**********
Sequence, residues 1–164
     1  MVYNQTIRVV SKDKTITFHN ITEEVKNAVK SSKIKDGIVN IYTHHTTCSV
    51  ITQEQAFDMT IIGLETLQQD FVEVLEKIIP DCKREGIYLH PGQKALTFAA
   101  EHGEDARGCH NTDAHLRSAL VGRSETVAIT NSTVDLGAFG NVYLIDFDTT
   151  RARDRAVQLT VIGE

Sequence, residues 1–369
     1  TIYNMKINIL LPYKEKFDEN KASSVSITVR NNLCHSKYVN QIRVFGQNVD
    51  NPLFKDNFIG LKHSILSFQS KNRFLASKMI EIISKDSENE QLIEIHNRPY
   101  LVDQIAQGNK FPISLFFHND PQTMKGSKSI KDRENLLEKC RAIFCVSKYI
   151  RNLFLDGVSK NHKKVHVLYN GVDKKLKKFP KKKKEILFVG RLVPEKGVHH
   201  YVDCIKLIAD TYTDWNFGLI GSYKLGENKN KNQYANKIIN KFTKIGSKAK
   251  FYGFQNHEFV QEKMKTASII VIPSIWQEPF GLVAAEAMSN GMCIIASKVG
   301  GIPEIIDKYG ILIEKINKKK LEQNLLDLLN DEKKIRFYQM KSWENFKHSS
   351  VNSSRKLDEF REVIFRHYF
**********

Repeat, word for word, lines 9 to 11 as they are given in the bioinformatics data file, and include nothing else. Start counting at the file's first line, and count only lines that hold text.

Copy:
   101  LVDQIAQGNK FPISLFFHND PQTMKGSKSI KDRENLLEKC RAIFCVSKYI
   151  RNLFLDGVSK NHKKVHVLYN GVDKKLKKFP KKKKEILFVG RLVPEKGVHH
   201  YVDCIKLIAD TYTDWNFGLI GSYKLGENKN KNQYANKIIN KFTKIGSKAK